• Soil – the most common form in which fungi occur in the soil is in association with bacteria. In this way, they form the primary decomposer of the soil ecosystem along with their partner bacteria.

Autotrophs vs Heterotrophs


Since most of the algae contain chlorophyll, the photosynthetic pigment, they can synthesize their own food with the help of sunlight. Hence, we name such organisms as autotrophs, synthesizing their food via photosynthesis.


Contrastingly to algae, fungi are heterotrophic, i.e., they cannot synthesize their food via photosynthesis and must obtain it from other sources. The major reason fungi are heterotrophic is that they do not contain the photosynthetic pigment chlorophyll in their cells.


Light Requirements for Living


Since algae are mostly autotrophic organisms necessitating the presence of light for the synthesis of their food, therefore they are unable to live in the absence of light.


These organisms do not require light to synthesize their food since most fungi are already decomposers, parasites, or mutually dependent on other organisms. Thus they are not affected by the presence of light and can grow in dark environments too.

Composition of Cell Wall


Since algae resemble mosses in many of their properties, they also contain cellulose as the major component of their cell walls. Moreover, cellulose is the main component of the cell walls of plants too. It is further composed of hundreds to thousands of glucose units.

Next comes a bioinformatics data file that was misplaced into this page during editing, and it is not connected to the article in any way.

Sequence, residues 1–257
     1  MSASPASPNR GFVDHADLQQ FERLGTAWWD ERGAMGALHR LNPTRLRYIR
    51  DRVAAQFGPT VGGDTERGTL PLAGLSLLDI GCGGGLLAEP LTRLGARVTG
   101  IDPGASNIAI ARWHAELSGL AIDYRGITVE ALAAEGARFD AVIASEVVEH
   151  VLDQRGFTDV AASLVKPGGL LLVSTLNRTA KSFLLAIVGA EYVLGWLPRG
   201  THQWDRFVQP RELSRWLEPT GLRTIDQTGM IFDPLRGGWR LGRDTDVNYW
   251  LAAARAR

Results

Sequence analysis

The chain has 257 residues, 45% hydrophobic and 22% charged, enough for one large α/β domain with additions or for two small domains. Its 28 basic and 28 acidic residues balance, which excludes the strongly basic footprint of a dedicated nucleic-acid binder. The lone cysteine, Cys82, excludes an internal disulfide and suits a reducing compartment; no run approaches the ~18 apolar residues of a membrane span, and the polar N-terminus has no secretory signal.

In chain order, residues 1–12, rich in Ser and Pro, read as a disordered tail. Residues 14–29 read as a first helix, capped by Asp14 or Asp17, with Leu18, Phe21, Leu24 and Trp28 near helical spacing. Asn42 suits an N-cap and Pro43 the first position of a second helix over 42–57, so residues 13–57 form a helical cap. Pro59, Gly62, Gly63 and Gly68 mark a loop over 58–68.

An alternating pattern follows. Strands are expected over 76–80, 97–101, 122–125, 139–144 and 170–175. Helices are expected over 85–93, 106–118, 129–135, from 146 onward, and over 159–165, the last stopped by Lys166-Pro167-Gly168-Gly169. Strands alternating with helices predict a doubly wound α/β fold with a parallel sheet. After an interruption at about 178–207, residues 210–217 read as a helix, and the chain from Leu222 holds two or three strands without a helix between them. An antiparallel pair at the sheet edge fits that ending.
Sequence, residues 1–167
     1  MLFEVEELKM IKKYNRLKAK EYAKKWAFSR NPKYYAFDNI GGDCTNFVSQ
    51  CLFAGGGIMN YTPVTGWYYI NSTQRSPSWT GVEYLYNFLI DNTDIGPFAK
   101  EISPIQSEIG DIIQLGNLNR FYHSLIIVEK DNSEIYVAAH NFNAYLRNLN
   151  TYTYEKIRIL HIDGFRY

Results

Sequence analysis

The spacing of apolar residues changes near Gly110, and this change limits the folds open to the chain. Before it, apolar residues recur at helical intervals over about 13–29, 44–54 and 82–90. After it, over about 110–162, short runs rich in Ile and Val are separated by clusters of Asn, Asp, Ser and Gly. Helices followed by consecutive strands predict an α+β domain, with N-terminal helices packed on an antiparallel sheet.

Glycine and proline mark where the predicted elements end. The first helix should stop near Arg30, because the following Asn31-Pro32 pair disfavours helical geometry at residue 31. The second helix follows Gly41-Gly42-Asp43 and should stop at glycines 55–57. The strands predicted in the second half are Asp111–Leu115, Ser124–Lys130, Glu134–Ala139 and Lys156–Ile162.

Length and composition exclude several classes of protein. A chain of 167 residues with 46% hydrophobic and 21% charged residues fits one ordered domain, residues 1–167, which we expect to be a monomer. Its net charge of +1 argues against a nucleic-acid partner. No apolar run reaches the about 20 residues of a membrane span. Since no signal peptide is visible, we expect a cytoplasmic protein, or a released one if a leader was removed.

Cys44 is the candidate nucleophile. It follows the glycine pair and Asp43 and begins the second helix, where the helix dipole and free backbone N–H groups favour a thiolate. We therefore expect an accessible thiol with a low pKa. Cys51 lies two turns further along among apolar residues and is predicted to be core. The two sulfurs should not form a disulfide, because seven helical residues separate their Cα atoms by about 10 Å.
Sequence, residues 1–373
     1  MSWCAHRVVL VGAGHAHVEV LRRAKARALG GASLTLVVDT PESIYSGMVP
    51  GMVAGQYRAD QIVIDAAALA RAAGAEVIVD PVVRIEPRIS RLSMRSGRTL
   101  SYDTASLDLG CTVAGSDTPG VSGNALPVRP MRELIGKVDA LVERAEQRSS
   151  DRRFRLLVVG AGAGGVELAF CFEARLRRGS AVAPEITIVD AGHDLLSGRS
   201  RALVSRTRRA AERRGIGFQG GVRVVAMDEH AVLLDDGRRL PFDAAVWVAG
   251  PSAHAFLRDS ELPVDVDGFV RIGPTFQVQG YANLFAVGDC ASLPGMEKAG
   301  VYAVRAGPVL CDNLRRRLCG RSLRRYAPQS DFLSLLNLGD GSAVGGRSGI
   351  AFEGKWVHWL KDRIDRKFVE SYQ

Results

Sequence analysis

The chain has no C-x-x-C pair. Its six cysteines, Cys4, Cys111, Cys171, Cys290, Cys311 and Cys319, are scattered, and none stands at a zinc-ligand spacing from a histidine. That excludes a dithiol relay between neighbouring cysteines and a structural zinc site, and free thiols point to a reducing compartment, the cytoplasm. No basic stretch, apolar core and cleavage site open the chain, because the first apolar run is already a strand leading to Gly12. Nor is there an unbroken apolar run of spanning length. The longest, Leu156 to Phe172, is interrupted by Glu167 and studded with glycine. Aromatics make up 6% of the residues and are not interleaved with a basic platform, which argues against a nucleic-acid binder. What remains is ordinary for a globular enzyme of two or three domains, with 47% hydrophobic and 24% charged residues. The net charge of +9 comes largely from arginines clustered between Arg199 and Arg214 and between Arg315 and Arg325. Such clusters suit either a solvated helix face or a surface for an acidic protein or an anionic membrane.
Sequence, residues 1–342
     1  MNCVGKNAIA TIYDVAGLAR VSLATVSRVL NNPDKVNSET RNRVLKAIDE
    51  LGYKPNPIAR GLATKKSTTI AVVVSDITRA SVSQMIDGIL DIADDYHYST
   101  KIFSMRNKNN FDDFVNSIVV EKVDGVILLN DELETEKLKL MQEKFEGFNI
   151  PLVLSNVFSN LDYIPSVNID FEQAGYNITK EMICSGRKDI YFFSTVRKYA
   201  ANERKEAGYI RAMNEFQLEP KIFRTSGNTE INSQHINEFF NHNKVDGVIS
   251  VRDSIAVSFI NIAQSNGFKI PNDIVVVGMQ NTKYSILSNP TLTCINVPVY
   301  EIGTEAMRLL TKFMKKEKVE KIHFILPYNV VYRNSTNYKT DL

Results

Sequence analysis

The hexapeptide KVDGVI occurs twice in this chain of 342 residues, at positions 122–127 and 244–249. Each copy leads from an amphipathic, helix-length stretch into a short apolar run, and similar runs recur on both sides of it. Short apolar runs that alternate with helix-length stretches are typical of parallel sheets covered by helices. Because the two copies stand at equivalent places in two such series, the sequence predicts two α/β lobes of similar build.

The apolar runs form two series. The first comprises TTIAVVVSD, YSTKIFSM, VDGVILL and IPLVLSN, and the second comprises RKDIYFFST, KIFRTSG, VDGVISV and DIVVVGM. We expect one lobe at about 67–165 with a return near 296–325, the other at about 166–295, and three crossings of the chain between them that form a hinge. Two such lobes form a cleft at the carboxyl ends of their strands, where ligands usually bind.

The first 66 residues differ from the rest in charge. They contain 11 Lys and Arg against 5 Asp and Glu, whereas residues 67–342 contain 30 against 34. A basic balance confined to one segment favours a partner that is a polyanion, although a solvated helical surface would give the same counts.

The cell wall of fungi is composed majorly of chitin. Besides this, some glycans and glycoproteins are also present in their cell walls. Chitin is also a major component of the exoskeleton of many insects. It is a polymer composed of N-acetylglucosamine subunits, which is a derivative of glucose.

Basis of Differences between Algae and Fungi

Nature of CellEukaryotic except
for cyanobacteria
All types
are eukaryotic
ClassificationThree groupsSeven phyla
HabitatsAquatic, terrestrial,
and parasitic
80% humid, meadows,
and damp woods
Mode of
Food Synthesis
of Light
Cell Wall


Both living organisms, algae and fungi, are entirely different as algae prepare their own food, while fungi are prominent decomposers. Besides being divergent, both have significant importance in the ecosystem, where algae are the primary producer. On the other hand, fungi clean the environment due to their decomposition properties.